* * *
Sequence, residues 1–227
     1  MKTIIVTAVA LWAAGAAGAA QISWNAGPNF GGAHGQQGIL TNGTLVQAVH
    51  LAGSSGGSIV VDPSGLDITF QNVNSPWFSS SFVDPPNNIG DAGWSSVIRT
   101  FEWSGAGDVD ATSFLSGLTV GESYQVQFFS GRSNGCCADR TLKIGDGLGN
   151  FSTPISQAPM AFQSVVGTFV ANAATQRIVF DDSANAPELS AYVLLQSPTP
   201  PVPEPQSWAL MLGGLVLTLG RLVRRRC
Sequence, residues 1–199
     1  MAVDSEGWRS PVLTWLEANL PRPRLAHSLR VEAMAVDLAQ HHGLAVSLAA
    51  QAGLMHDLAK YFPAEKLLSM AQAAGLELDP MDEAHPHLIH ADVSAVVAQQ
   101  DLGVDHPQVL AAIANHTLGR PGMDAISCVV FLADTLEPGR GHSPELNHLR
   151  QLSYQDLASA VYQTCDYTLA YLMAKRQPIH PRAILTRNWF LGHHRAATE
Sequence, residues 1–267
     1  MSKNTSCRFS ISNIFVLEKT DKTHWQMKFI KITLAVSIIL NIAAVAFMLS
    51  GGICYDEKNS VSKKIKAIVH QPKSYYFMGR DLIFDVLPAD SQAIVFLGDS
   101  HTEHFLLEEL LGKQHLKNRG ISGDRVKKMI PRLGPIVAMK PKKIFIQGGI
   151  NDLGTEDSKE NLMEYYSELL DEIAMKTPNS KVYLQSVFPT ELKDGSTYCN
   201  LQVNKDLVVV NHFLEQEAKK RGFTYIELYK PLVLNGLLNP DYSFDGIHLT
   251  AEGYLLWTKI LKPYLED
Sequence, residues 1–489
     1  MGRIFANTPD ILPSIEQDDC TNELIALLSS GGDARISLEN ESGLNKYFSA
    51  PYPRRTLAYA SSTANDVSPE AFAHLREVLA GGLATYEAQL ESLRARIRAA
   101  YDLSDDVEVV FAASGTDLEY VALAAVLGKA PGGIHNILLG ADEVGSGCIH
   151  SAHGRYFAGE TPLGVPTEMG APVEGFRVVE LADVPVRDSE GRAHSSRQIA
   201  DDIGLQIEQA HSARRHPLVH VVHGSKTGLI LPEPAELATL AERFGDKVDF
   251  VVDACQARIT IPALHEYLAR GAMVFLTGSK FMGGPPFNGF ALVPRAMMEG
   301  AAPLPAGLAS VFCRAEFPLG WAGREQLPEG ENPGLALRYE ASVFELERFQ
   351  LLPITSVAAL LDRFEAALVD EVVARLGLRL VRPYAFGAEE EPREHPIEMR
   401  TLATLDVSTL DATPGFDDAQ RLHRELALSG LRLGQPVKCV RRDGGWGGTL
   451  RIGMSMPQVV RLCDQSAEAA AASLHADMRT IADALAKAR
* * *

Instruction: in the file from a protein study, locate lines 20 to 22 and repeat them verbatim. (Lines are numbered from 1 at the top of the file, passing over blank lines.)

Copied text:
     1  MGRIFANTPD ILPSIEQDDC TNELIALLSS GGDARISLEN ESGLNKYFSA
    51  PYPRRTLAYA SSTANDVSPE AFAHLREVLA GGLATYEAQL ESLRARIRAA
   101  YDLSDDVEVV FAASGTDLEY VALAAVLGKA PGGIHNILLG ADEVGSGCIH